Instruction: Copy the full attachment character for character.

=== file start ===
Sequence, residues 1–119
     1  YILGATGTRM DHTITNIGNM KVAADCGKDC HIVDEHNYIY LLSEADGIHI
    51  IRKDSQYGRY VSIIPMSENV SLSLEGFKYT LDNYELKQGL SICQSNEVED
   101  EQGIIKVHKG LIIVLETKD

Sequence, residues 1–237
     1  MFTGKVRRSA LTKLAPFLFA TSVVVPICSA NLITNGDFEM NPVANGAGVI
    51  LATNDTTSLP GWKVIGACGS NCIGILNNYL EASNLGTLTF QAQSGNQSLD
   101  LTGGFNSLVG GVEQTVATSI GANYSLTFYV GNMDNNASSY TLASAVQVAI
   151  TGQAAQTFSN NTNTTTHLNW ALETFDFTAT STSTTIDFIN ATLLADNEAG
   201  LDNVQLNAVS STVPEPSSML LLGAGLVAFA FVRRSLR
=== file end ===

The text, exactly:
Sequence, residues 1–119
     1  YILGATGTRM DHTITNIGNM KVAADCGKDC HIVDEHNYIY LLSEADGIHI
    51  IRKDSQYGRY VSIIPMSENV SLSLEGFKYT LDNYELKQGL SICQSNEVED
   101  EQGIIKVHKG LIIVLETKD

Sequence, residues 1–237
     1  MFTGKVRRSA LTKLAPFLFA TSVVVPICSA NLITNGDFEM NPVANGAGVI
    51  LATNDTTSLP GWKVIGACGS NCIGILNNYL EASNLGTLTF QAQSGNQSLD
   101  LTGGFNSLVG GVEQTVATSI GANYSLTFYV GNMDNNASSY TLASAVQVAI
   151  TGQAAQTFSN NTNTTTHLNW ALETFDFTAT STSTTIDFIN ATLLADNEAG
   201  LDNVQLNAVS STVPEPSSML LLGAGLVAFA FVRRSLR